As farmers, we are always at risk of on-farm accidents.
But one factor puts us even more at risk — stress.
Even though farmers are generally safety aware when it comes to our own farming operations, right now, in the midst of so much uncertainty, we are especially vulnerable.
In a survey released by the Agricultural Producers of Saskatchewan last month, farmers reported an average stress level of 6.23 (on a scale of one to 10, with 10 being the highest level). Another five per cent of respondents reported “unbearable” levels of stress.
As the vice-chair of AgSafe Alberta, which supports safer farms and ranches across the province, this concerns me greatly.
I know that on-farm safety may be the last thing on your minds right now, but it needs to be one of the first.
We’ve all seen the tragic circumstances of not having safety plans in place — or having them in place, but forgoing them due to constraints in time, resources and finances. These shortcuts in safety can cost not only money, equipment or more obligation, but lives.
Our top priority at all times should be the safety of our people. As farmers, we count on our workers every single day. And for many of us, our workers are like family.
Having a developed, understood, promoted and followed safety plan in place on our farms protects anyone — employees, contractors, visitors — coming on and off your operation. Plans also help to build a culture of safety not only applicable to farms, but in everyday lives.
Even though Occupational Health and Safety rules aren’t applicable to family farms in Alberta, being familiar with the best farm safety practices and the application of them to your farm has the ability to prevent accidents and keep your family safe.
Here are some things to keep in mind:
When making your safety plan, walk through the farm and look at any potential hazards not only through your eyes, but also through the eyes of your employees. Getting their thoughts on the hazards on your farm may help identify some that you didn’t think about.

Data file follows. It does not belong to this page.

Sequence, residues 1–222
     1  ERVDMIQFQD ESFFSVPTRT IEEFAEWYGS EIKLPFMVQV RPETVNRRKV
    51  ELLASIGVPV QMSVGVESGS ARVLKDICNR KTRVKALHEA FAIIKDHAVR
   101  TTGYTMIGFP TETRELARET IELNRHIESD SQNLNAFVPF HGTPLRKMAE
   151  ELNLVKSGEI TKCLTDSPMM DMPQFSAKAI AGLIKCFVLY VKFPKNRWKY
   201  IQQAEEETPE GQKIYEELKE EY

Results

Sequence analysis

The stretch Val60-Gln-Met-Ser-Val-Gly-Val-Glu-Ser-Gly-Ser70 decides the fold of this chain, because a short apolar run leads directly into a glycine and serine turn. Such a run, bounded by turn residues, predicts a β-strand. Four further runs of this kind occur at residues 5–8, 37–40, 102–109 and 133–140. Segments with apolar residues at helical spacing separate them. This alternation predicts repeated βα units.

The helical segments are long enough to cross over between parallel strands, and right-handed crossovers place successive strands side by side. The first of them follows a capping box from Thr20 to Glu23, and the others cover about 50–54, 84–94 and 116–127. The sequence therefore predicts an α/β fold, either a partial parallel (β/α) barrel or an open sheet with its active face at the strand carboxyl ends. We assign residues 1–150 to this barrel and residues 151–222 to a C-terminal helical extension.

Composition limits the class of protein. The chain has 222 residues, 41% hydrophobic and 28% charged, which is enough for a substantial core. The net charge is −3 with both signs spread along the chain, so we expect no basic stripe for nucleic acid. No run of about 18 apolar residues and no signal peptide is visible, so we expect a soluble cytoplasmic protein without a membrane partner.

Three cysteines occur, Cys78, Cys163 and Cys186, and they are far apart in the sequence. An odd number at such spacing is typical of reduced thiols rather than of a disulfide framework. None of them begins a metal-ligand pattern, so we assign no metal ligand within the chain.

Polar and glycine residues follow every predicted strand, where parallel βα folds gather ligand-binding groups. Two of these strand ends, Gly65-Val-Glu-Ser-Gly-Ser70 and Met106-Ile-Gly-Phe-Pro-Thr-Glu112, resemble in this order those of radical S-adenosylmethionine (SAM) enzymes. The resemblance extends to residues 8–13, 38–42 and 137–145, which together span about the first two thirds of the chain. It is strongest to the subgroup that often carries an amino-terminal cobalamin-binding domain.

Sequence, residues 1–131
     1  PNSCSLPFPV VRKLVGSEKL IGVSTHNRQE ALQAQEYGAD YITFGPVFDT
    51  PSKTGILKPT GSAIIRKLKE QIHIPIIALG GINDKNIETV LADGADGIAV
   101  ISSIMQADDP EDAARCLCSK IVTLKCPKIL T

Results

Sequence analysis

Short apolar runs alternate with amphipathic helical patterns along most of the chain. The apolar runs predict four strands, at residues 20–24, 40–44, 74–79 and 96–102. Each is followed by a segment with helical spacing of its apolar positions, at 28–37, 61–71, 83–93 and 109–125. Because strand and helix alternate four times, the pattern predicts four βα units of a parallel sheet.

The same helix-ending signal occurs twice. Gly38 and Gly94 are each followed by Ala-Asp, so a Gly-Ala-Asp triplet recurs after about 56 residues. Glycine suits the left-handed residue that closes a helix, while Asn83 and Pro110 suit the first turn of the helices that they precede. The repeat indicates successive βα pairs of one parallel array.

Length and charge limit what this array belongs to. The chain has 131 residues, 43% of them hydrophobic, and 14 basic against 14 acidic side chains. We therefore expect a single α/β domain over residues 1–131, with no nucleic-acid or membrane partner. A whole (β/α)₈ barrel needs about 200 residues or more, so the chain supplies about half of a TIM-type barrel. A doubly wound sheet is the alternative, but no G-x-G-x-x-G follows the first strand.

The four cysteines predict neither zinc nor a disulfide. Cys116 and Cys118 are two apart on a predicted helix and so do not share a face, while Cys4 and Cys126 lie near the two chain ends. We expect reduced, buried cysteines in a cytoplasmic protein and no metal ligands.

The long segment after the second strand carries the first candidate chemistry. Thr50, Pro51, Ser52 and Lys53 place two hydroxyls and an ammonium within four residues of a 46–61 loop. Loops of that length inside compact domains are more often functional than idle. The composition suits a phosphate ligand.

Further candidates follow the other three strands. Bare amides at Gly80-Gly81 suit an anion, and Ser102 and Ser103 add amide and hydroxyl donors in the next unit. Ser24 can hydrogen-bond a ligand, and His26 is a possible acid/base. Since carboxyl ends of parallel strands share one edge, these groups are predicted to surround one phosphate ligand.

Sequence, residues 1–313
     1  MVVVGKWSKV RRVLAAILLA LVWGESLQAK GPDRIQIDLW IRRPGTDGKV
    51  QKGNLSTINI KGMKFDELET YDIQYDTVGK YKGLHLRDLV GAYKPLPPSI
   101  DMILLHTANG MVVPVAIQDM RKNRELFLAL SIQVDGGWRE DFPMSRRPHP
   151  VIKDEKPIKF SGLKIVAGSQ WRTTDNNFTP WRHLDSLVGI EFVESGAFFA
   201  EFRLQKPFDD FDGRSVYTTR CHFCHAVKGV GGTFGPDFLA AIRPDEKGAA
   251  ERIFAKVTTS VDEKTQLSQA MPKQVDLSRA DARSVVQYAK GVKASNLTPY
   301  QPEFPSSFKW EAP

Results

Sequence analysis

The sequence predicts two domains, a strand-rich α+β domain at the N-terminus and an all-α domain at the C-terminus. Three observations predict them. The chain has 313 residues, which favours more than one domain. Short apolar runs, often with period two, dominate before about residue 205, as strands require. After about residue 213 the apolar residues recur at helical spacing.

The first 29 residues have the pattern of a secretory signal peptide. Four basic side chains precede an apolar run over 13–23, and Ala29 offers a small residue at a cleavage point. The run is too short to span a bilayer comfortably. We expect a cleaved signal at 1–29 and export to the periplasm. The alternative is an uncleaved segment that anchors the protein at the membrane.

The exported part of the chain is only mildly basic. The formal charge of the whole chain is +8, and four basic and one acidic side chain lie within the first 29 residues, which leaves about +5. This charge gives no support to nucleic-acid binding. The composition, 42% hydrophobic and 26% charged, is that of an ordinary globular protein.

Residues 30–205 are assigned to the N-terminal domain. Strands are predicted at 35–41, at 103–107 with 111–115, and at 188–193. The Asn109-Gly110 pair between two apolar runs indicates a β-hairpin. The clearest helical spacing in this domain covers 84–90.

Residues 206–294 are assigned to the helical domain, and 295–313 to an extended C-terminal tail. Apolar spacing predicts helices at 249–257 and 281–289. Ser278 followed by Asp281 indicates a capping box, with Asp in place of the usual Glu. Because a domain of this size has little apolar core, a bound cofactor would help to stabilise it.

Consider the time of year when making your safety plan: If you have new employees coming on in the spring, there will be different hazards to focus on than there would be in the fall. Also consider who your employees are — are they familiar with your farm already? Plans will look different between smaller, family-run farms and bigger operations that may rely on contractors.
Identify the high-risk situations on your farm. These could include working from heights, moving equipment, or working with animals.
Good farm safety means thinking of your farm employees as an extension of yourself. If you wouldn’t do a task, then why would you make an employee do it? Be aware of what your employees are comfortable and capable of doing and what they aren’t.
Make sure that any contractors performing work on your farm have their own insurance and that you have made them aware of the hazards on farm before they start work.
Consider getting help to make your farm safety plan. Every farm is different, and every safety plan will look different. AgSafe Alberta has free resources to guide you through creating a safety plan that works taking into account the size and type of operation you have. To find them, go to www.agsafeab.ca and then click on the Resources link.
As someone who has seen the terrible and sometimes tragic consequences of not having a plan in place, I urge you to be proactive on this, not reactive. Remember: Safety First.
Putting a plan in place right now for your team and family will set you up for success for the year.
Reviewing your plan every year is just good practice — not only in stressful times, but all the time.
Erna Ference and her family operate a broiler chicken operation near Black Diamond. The Canadian Agricultural Safety Association is offering three online safety courses at no charge until Sept. 30. It also has COVID-19 safety resources at www.casa-acsa.ca.